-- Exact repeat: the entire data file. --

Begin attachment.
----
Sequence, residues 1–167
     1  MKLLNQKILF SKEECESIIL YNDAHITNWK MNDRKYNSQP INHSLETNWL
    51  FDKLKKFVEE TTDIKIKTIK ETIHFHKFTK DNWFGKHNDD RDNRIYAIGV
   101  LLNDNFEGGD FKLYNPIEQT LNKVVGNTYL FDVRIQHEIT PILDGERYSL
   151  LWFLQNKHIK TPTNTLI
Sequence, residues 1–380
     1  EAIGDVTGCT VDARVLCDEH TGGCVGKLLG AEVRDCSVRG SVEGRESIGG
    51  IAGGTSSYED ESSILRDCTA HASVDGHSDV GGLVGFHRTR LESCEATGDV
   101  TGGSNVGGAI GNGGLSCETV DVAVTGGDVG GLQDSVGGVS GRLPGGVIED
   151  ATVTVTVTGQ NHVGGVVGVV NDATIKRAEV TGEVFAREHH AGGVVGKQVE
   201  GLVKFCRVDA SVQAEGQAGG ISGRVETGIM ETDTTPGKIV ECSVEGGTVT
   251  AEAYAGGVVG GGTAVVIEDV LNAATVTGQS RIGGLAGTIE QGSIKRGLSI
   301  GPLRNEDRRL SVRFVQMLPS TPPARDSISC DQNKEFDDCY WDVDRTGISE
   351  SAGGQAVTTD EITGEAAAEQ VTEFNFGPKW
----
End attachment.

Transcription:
Sequence, residues 1–167
     1  MKLLNQKILF SKEECESIIL YNDAHITNWK MNDRKYNSQP INHSLETNWL
    51  FDKLKKFVEE TTDIKIKTIK ETIHFHKFTK DNWFGKHNDD RDNRIYAIGV
   101  LLNDNFEGGD FKLYNPIEQT LNKVVGNTYL FDVRIQHEIT PILDGERYSL
   151  LWFLQNKHIK TPTNTLI
Sequence, residues 1–380
     1  EAIGDVTGCT VDARVLCDEH TGGCVGKLLG AEVRDCSVRG SVEGRESIGG
    51  IAGGTSSYED ESSILRDCTA HASVDGHSDV GGLVGFHRTR LESCEATGDV
   101  TGGSNVGGAI GNGGLSCETV DVAVTGGDVG GLQDSVGGVS GRLPGGVIED
   151  ATVTVTVTGQ NHVGGVVGVV NDATIKRAEV TGEVFAREHH AGGVVGKQVE
   201  GLVKFCRVDA SVQAEGQAGG ISGRVETGIM ETDTTPGKIV ECSVEGGTVT
   251  AEAYAGGVVG GGTAVVIEDV LNAATVTGQS RIGGLAGTIE QGSIKRGLSI
   301  GPLRNEDRRL SVRFVQMLPS TPPARDSISC DQNKEFDDCY WDVDRTGISE
   351  SAGGQAVTTD EITGEAAAEQ VTEFNFGPKW